“…According with the Uruk ritual texts, an instrument called Itz Pashshuri was used for the planetary observations. Thureau-Dangin translated the term simply as “an apparatus”; but the term literally meant an instrument “that solves, that unlocks secrets.” Was this instrument one and the same as the circular objects that topped poles or posts, or was the term a generic one, meaning “astronomical instrument” in general? We cannot be sure because both texts and depictions have been found, from Sumerian times on, that attest to the existence of a variety of such instruments.

“…The simplest astronomical device was the gnomon (from the Greek “that which knows”), an instrument which tracked the Sun’s movements by a shadow cast by an upright pole; the shadow’s length (growing smaller as the Sun rose to midday) indicated the hourly time and the direction (where the Sun’s rays first appeared and last cast a shadow) could indicate the seasons… In time, this led to actual structural shadow clocks which were built as stairways that indicated time as the shadow moved up or down the stairs.

"Gnomon" (Sun dials) today, Jantar Mantar, India.

“Gnomon” (Sun dials) today, Jantar Mantar, India.


"Gnomon" (Sun dials) today, Jantar Mantar, India.

“Gnomon” (Sun dials) today, Jantar Mantar, India.

“…Shadow clocks are mentioned in the Bible. The Book of Job refers to portable gnomos, probably of the kind that were used in the fields to tell time, when it observes that the hired laborer “earnestly desireth the shadow” that indicated it was time to collect his daily wages. Less clear is the nature of a shadow clock that featured in a miraculous incident reported in II Kings Chapter 20 and Isaiah Chapter 38. When the prophet Isaiah told the ailing king Hezekiah that he would fully recover within three days, the king was disbelieving…

Isaiah visits King Hezekiah.

Isaiah visits King Hezekiah.

“…Be it as it may, scholars by and large agree that the sun clock that served as an omen for the miraculous recovery of the king was in all probability a gift presented to the Judean king Ahaz by the Assyrian King Tiglatpiliser II in the eight century B.C… It was not a Greek invention nor, it seems, an Egyptian one. According to Plyny the Elder, the first century savant, the science of gnomonics was first described by Anaximander of Miletus who possessed an instrument called “shadow hunter.” But Anaximander himself, in his work (in Greek) Upon Nature (547 B.C.) wrote that he had obtained the gnomon from Babylon.

“…The text in II Kings chapter 20, it seems to us, suggests a sundial rather than a built staircase and that it was placed in the Temple courtyard (it had to be in the open where the Sun could cast shadows). If Andrae was right regarding the astronomical function of altars, it was possible that the instrument was placed upon the Temple’s main altar. Such altars had four “horns,” a Hebrew term (Keren) that also meant “corner” as well as “beam, ray” – terms suggesting a common astronomical origin. Pictorial evidence supporting such a possibility ranges from early depictions of ziggurats in Sumer, where “horns” preceded the circular object all the way to Greek times. In tablets depicting altars from several centuries after Hezekiah’s time, we can see a viewing ring on a short support placed between two altars; in a second illustration we can see an altar flanked by devices for Sun viewing and Moon viewing.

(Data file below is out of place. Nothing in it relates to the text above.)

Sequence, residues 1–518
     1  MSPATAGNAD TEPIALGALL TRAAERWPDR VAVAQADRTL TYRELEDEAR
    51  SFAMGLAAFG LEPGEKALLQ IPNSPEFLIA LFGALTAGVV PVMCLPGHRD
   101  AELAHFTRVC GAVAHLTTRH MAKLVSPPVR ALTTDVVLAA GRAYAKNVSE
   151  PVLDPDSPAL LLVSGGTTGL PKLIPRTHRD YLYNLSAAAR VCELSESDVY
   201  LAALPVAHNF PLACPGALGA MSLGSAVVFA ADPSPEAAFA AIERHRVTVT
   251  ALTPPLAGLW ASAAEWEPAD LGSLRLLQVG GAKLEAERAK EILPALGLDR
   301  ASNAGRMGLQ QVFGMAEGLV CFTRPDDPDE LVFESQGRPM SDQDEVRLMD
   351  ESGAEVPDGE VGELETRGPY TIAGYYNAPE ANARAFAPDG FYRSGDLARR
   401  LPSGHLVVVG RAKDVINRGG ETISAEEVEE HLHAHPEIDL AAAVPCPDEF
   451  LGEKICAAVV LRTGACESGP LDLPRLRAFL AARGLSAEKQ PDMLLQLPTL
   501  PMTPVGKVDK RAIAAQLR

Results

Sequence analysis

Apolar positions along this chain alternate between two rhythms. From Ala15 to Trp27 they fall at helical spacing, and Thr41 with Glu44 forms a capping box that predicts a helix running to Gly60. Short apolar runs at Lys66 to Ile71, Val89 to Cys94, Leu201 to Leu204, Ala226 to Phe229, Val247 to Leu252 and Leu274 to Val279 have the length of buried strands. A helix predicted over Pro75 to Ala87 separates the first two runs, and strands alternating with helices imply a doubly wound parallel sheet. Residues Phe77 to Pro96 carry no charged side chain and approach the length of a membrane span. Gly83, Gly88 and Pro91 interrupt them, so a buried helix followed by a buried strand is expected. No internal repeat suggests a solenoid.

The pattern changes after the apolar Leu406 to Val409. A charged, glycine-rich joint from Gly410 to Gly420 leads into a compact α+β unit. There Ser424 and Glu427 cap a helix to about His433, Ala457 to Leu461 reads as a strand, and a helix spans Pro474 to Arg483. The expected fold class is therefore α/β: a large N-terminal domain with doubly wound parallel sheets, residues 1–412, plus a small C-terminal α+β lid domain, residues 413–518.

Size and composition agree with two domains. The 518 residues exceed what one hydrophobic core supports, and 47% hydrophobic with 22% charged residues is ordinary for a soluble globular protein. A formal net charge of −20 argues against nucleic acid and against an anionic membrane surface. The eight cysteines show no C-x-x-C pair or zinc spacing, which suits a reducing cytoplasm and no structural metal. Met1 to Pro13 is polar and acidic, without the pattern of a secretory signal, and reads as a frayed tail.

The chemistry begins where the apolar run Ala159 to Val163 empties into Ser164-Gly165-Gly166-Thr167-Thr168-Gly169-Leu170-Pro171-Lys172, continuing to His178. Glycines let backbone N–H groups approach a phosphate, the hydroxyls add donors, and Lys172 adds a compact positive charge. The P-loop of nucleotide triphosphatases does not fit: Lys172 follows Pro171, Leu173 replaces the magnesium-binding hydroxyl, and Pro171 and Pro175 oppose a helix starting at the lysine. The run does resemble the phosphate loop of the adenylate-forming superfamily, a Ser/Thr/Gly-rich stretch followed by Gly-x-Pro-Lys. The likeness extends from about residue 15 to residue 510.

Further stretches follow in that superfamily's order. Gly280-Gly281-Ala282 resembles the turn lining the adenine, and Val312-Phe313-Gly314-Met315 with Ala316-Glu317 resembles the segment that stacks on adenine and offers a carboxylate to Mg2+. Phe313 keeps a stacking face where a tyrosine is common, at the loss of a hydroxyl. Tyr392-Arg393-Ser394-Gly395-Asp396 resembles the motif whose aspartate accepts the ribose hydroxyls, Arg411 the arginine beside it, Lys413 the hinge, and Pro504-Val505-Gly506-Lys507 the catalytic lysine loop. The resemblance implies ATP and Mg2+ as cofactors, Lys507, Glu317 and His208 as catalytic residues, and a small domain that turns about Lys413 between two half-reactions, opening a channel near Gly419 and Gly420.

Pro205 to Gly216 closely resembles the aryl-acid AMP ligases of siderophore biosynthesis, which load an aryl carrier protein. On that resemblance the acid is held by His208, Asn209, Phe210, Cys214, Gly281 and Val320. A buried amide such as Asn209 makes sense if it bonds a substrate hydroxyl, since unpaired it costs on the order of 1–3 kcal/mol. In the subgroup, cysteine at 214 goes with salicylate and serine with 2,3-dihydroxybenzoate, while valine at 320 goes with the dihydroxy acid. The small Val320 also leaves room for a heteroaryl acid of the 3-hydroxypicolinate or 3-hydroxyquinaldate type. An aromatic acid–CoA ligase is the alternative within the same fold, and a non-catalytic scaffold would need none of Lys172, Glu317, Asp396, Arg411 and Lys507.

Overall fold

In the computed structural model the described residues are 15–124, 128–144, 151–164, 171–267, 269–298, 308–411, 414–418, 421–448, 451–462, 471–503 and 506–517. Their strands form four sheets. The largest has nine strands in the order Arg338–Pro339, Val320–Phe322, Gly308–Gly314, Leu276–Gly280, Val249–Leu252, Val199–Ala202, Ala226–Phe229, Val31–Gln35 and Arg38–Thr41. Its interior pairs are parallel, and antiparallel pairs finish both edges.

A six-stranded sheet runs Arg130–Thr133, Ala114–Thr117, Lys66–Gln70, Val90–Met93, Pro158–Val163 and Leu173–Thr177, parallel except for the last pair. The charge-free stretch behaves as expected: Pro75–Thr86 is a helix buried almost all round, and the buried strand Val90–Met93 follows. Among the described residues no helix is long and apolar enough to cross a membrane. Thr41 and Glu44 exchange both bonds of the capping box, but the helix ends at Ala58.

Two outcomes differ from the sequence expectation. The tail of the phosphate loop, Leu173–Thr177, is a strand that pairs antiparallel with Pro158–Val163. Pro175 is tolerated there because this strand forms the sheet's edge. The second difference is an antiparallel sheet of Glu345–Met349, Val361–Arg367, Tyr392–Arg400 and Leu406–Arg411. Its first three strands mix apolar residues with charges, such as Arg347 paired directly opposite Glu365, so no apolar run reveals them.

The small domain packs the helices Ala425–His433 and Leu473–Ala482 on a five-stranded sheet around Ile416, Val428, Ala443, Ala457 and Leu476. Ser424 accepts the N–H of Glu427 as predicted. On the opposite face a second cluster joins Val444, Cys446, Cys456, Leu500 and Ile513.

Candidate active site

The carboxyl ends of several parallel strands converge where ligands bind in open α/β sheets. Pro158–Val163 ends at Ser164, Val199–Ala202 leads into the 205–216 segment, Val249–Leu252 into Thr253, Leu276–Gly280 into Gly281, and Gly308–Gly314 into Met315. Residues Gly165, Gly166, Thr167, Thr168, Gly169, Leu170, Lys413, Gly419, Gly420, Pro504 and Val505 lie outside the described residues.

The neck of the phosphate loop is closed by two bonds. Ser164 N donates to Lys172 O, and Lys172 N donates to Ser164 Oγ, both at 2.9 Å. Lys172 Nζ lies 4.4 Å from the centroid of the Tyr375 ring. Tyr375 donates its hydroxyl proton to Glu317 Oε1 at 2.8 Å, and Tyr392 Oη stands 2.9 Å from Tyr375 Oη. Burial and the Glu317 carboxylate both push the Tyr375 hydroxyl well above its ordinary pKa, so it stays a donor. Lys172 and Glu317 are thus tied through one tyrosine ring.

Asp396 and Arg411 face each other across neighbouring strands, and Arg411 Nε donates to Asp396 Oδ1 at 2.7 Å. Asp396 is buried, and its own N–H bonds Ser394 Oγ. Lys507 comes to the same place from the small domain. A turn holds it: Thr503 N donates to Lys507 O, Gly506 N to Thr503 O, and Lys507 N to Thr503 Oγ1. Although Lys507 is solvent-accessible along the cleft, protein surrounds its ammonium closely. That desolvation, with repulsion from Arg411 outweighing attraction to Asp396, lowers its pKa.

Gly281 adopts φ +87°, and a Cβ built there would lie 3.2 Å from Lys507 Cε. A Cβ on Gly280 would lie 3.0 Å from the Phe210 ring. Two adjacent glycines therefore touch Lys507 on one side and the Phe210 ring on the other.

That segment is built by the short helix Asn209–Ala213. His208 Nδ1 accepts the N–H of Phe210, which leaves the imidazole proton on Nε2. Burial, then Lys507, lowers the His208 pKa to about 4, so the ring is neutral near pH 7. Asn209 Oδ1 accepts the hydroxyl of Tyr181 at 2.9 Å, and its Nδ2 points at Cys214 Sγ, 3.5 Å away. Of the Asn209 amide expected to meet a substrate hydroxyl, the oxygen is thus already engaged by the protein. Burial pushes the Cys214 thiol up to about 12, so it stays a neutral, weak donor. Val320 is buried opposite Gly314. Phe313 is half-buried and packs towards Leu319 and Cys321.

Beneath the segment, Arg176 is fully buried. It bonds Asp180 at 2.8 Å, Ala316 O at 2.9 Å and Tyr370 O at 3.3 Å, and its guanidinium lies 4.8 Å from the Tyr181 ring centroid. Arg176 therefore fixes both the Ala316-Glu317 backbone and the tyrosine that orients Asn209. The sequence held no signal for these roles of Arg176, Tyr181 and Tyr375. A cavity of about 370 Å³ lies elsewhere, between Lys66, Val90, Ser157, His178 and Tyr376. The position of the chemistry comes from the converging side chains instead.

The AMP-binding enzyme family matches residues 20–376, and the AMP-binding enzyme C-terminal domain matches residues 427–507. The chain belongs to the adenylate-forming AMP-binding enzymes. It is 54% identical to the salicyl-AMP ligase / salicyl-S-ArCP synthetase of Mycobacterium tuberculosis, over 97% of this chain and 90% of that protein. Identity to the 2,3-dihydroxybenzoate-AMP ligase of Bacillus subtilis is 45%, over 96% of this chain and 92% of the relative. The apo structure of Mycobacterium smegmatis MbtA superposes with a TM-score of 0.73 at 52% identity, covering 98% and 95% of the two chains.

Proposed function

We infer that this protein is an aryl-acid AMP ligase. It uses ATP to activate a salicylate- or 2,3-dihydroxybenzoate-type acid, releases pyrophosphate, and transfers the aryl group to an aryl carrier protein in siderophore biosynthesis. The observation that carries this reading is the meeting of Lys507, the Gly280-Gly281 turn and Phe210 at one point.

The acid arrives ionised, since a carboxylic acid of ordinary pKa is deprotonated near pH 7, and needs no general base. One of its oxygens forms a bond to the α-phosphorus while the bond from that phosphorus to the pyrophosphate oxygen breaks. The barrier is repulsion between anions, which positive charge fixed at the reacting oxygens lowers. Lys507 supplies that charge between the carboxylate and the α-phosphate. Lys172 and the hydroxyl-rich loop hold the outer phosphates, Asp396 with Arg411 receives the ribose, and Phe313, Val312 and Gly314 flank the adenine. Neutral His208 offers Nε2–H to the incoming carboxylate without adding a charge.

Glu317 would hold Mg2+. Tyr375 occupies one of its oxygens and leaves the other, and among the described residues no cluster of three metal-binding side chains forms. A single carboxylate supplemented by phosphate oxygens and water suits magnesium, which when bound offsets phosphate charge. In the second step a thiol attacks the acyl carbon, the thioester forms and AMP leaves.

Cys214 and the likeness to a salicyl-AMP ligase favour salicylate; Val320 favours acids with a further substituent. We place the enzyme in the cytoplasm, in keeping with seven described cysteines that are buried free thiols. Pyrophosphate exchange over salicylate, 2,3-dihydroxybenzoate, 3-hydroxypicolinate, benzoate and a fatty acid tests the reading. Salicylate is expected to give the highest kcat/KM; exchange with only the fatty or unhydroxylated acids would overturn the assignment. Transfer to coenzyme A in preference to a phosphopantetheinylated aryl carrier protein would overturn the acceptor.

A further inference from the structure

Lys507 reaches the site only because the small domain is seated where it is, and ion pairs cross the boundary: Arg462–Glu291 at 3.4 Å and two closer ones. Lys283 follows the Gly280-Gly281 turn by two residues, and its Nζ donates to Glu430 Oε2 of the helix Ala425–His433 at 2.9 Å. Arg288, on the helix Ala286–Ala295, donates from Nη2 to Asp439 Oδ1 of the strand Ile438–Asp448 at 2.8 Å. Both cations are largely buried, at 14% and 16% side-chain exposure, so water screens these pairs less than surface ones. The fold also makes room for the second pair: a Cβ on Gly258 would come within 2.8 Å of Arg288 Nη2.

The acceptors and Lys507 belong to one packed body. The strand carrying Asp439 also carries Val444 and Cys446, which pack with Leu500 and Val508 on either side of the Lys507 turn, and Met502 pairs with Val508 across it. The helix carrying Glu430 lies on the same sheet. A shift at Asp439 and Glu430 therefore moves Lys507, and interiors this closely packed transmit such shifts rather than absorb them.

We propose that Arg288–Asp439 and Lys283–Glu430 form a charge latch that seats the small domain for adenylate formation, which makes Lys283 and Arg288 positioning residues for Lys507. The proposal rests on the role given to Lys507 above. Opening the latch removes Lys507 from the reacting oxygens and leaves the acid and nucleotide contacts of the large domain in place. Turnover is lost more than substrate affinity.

“…In considering the astronomical instruments of antiquity, we are in fact dealing with knowledge and sophistication that go back millennia to ancient Sumer.

“…If the process of celestial observation progressed from massive ziggurats and great stone circles to lookout towers and specially designed altars, the altars with which the astronomer-priests scanned the heavens at night or tracked the Sun in daytime must have progressed in tandem. That such instruments became portable thus makes much more sense, especially if some were used not only for the original calendrical purposes (fixing festival times) but also for navigation. By the end of the second millennium B.C. the Phoenicians of northern Canaan had become the best navigators of the ancient world; plying the trade routes, one may say, between the stone pillars of Byblos and the ones in the British Isles, their foremost western outpost was Carthage (Keret-Hadash, “New City”).

Phoenician ruins

Sidon

Sidon


Byblos

Byblos


Tyre

Tyre


Carthage

Carthage


Carthage

Carthage

“…There they adopted as their main divine symbol the depiction of an astronomical instrument; before it began to appear in stelae and even tombstones, it was shown is association with two double-ringed pillars that flanked the entrance to a temple – as earlier in Mesopotamia. The ring flanked by two opposite-facing crescents suggests observations of the Sun and of the Moon’s phases.

Mr. Sitchin gives an ample description of depictions found in the ruins of a Phoenician settlement in Sicily, and makes a connection of the symbols there with symbols Egyptians used as well, for example: